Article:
Think about that – someone offers to give you $20 bucks and because they get to keep $80 you say no to the $20.  Not very rational.

But Paul – what does this have to do with engagement?

This…

If we can agree that engagement is about balancing an equation – then in my mind it is ultimately about fairness.  Just like the Ultimatum Game.

What the employee thinks is “fair” is what really drives the game.

Employers offer up a split of company resources – some go to the company in the form of bonuses to executives (‘cuz we don’t really think executives are employees), more polished mahogany and perks for a select few – and some resources go to “employees” in the form of salary, benefits, future security, meaning, etc.

And here is where the Ultimatum Game comes into play…

The company is offering the split – a split they think is rational and valuable to the employee.  But the employee is looking at the split just like the subjects did in the Ultimatum Game.  They aren’t being rational.  The split isn’t fair – therefore they reject the offer – they don’t give their discretionary effort.  They don’t work harder or become evangelists for the company.

Regardless of whether you think it is a “good” exchange – that is the logical side speaking – the decision is being made irrationally.  That is a problem you need to factor into your equation.

Not A Perfect Analogy

I realize that this isn’t a perfect analogy because in the real Ultimatum Game the recipient of the offer does not have to do anything to get the split.  In the case of engagement the employee is actually doing something for the offer so there is the little issue of what they think the value of their time and energy is in relation to the company’s offer.

But if in a situation where people would turn down 20% of a total for doing nothing – what is the ratio that people would think is “fair” when there IS effort required.  Seems like companies are starting in a hole.

Net-Net

Finding that perfect balance of what to offer is difficult and it requires more communication, more engagement between the company and the employees.  Do your due diligence.  Assess where you’re starting from.  Are employees already feeling like the equation is unbalanced?  If so – no amount of “give” by the company will be acceptable.  You may have to do some catch up work.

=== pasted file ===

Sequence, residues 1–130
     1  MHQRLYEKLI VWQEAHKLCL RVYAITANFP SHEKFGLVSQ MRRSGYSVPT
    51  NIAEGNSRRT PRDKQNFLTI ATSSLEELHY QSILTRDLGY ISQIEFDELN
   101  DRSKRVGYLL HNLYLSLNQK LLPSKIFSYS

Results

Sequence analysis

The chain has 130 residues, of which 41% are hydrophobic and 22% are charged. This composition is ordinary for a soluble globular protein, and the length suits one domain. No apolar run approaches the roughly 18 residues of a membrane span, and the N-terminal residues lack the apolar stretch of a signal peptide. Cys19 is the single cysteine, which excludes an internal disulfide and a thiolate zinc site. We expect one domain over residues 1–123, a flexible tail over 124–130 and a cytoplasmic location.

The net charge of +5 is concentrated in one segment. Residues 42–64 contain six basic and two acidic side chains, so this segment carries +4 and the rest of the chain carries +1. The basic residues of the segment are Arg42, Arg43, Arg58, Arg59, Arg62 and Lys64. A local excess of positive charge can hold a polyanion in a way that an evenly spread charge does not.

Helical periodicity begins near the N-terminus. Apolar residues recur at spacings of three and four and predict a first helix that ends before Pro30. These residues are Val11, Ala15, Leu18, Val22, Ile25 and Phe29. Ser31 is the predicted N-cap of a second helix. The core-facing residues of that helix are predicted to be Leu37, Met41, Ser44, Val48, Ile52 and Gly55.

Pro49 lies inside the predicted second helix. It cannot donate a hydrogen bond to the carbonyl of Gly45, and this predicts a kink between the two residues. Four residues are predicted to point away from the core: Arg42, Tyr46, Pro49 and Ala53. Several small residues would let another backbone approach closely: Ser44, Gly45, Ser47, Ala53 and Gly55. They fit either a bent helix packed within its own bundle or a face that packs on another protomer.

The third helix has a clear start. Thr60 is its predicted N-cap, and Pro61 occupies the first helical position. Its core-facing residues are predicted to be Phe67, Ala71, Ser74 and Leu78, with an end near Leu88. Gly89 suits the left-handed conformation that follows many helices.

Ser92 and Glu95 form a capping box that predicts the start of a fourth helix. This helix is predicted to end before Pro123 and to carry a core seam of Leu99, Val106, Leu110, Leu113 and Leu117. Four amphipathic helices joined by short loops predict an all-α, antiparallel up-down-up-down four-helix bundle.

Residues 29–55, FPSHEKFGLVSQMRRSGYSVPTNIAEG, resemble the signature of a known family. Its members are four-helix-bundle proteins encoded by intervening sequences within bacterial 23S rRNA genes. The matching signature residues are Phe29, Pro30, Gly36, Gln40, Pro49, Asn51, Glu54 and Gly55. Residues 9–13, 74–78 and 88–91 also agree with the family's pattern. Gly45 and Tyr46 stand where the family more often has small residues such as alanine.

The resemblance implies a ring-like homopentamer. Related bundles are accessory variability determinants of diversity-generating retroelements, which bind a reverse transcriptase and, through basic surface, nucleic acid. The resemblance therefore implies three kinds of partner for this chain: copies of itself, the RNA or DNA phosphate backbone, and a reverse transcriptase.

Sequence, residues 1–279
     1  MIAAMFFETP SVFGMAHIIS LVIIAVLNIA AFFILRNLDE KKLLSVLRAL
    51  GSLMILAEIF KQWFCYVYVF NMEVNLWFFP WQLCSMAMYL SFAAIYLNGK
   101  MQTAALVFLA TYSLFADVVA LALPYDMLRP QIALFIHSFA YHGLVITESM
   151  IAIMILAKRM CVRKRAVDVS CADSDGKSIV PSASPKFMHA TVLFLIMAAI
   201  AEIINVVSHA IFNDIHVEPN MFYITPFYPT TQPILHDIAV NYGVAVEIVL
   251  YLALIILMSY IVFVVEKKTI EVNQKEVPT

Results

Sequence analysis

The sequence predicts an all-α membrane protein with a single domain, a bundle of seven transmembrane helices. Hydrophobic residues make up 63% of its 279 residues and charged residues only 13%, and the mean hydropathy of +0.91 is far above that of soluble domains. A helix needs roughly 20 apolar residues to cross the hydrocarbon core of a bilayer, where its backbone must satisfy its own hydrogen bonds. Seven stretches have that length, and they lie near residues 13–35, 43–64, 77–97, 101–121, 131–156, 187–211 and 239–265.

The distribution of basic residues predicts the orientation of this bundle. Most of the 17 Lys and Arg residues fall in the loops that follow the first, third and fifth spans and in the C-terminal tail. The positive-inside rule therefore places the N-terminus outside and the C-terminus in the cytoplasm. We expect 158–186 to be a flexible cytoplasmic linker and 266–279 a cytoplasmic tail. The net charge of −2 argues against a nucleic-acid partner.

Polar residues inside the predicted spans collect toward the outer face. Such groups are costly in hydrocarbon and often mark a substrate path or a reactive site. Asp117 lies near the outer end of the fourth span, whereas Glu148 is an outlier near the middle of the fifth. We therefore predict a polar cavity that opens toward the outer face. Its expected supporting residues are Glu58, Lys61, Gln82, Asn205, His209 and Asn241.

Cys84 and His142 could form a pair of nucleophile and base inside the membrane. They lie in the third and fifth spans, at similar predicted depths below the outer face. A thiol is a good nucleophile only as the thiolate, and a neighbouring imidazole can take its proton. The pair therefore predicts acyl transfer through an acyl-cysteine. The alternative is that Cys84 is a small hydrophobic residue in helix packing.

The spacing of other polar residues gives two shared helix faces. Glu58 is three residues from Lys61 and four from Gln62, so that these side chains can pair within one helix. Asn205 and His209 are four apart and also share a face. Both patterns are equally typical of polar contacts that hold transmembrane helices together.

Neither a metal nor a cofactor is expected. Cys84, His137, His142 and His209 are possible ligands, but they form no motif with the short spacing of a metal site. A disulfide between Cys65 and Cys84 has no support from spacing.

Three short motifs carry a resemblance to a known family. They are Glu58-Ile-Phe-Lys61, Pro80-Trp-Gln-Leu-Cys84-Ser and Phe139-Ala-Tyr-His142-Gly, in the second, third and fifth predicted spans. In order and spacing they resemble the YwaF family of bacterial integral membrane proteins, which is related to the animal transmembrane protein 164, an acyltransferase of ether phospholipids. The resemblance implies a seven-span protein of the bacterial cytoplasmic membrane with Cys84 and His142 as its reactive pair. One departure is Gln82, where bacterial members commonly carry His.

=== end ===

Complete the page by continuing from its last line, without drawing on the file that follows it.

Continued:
And remember – sometimes it makes no rational sense at all.

Hey – that’s because we’re human.  We aren’t rational.

 

6 Responses to “The Irrationality of Employee Engagement”

  1. Twin31s says:

    Brilliant!

  2. Mary Jo says:

    I have been reading your string of posts on employee engagement, and I was particularly fascinated by this post on fairness and the Ultimatum Game. I am the library director of a small library district (2 libraries, 27 people on staff), and I have been confounded at times by people’s views on what’s fair – this post has offered great insights for me! The way I have approached it with our staff, somewhat successfully, is that we aim for family-fair. We try to give people what they need – some people need more sometimes, and when it is your time to need something, you will be cared for too.

    This is a viable approach when your organization is family-size, but the larger the staff grows, the less time I have to connect to individuals, so I am sometimes connecting through team leaders. If we were really big, I don’t know how I would be able to make sure that everyone’s needs were met – some managers are going to be better at this than others. To accommodate for these differences, checks and balances would have to be built-in. Now my head starts to hurt.

    So here is a string of questions for you…

    · It would seem that the larger the organization, the greater the potential for under-engaged employees. If under-engagement affects the corporate bottom-line, then where is the break-even point?

    · At what point is a company so large that employees begin to feel like numbers? At what point does that affect productivity? At what stage of growth does Amazon go from being a great place to work to being a place that sucks?

    · Is there an optimal size for a company (probably this would vary industry to industry, as economies of scale vary industry to industry)? As a widget manufacturer, you need to market and you need to distribute – if you bring those functions in-house you may expect a cost-savings, but if your employees become less engaged and less productive because administration is farther-removed, if you end up with greater staff turnover, then aren’t you better off to outsource those functions?